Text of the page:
According to the 2020 Census, the U.S. has its most diverse population ever in the nation’s history. The report also marks the first time the number of people who identify as White alone has shrunk since the census began in 1790.
These shifts in demographics are creating changes in what a new generation expects to see in marketing. A recent survey conducted by Deloitte, an international management consulting company, found out of 11,500 global consumers, the respondents from 18 to 25 years old took greater notice of inclusive advertising when making purchase decisions.
With this information in mind, it’s important for campus rec departments to showcase equity, diversity and inclusion (EDI) in the public sphere. But there are a few key factors which should be top of mind before committing to this kind of marketing.
In a recent interview with Campus Rec Magazine, Darryl Lovett, the associate director of Campus Recreation at Florida State University, said showcasing diversity should be as honest as possible.
“First and foremost, when it comes to EDI, marketing strategies must be carefully thought-out and crafted so as not to leverage EDI in a performative manner,” said Lovett. “Collegiate recreation is typically one of the largest student employers on campus and often engages upwards of 75% of the student population. Because of its exponential reach within the campus community, campus rec has a unique opportunity to be a force of impact for EDI on campus.”
Here are a few ways to consider for your department:
Hire a Diverse Team
There is perhaps no better way to ensure your department has genuine, impactful inclusion in marketing then by hiring voices from a range of backgrounds and ethnicities. Doing so will give your team a deeper knowledge of other worldviews and cultures.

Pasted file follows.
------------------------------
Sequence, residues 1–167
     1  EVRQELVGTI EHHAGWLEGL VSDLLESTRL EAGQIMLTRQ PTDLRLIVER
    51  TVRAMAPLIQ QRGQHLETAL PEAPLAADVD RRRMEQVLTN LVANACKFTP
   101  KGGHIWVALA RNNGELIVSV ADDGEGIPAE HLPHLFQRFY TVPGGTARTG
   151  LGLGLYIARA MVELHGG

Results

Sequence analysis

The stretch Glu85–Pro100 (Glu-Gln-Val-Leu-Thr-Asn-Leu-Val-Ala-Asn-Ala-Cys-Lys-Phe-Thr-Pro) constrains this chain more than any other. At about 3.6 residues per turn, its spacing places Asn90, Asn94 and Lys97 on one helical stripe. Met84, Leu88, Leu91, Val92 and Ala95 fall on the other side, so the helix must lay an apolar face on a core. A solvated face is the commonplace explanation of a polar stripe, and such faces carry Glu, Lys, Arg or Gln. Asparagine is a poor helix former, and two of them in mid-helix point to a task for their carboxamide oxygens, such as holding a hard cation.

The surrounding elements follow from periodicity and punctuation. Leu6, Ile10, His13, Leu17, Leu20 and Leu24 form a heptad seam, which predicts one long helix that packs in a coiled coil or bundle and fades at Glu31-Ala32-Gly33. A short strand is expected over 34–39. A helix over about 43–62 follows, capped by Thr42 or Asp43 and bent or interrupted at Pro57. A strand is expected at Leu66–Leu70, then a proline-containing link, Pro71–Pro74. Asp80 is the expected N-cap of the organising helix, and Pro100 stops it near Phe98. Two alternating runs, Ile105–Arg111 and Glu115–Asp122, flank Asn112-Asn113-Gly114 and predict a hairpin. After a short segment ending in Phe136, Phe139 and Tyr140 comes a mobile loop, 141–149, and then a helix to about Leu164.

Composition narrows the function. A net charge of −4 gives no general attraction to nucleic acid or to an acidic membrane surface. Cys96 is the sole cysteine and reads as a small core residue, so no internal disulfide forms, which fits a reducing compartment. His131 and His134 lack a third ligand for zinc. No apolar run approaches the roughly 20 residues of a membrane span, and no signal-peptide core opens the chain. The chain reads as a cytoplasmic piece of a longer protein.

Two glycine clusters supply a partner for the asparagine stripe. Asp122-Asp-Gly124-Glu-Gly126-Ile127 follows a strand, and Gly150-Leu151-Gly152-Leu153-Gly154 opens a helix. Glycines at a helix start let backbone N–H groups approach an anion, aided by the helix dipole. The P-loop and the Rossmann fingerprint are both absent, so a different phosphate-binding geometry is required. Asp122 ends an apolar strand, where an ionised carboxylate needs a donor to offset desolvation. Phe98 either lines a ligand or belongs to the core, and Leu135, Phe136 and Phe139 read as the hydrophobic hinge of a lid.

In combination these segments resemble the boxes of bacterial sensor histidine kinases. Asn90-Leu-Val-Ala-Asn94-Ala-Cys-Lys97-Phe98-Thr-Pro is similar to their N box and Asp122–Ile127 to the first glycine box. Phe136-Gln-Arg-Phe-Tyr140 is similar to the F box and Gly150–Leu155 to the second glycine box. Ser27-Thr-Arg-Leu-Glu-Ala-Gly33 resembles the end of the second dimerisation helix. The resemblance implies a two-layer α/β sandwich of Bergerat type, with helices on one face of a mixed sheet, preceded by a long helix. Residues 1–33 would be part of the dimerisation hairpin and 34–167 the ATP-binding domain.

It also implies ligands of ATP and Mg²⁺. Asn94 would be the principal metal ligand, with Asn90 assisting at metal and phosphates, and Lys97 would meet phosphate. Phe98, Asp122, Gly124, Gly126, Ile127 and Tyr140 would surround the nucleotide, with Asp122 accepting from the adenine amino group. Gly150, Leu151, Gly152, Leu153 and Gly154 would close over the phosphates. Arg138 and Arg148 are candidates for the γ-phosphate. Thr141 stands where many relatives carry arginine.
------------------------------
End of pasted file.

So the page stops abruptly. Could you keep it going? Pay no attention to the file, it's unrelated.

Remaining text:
Some of the biggest possible pitfalls of showcasing diversity are stereotypes, superficiality, tone deafness and cultural insensitivity. Forbes’ Sonia Thompson said these missteps all lead back to a core competency teams who produced problematic marketing lacked: customer intimacy.
A college campus is a unique melting pot of students from different walks of life. If your department does not reflect that environment, then you run a greater risk of not relating to — or possibly even offending — part of your audience. Make a concentrated effort to employ diverse voices.
Track Inclusion Efforts
Simply stating your department is showcasing diversity by providing a few, isolated examples is not enough evidence to back your claim. In today’s world, there is an endless supply of marketing technology to pick from to accurately track your EDI efforts.
Ensure you are displaying diversity in a meaningful way. Diverse marketing should not be completed to simply check boxes or boost your tracking numbers. As Lovett said, it can’t be performative, and it needs to truly represent your university.
Gartner’s Kate Muhl said organizations will most likely be tasked with ensuring outputs of marketing reflect EDI goals. This means tracking how well emails, commercials, print ads, sales collateral, social posts and more measure up to organization’s objectives. Campus rec leaders should get ahead of this curve and use metrics to guarantee accountability in their practices.
Use the Voice of Your Campus
If you are trying to showcase diversity honestly and honorably, then go right to your source which is your students and faculty. Consult with them and listen to their stories and points of views. Purposefully talk with individuals from different backgrounds and ask if you can share their perspectives in your marketing.
Sharing those points of view in your marketing can help make your department relatable for all students. Going to a gym or rec center can be intimidating for many. Relate with your specific populations and break down those walls of nervousness and anxiety.
Also, if you have hired a diverse team, then task your workers and campus interns to develop content they believe resonates well with your audience. Use your most valuable resource as much as possible.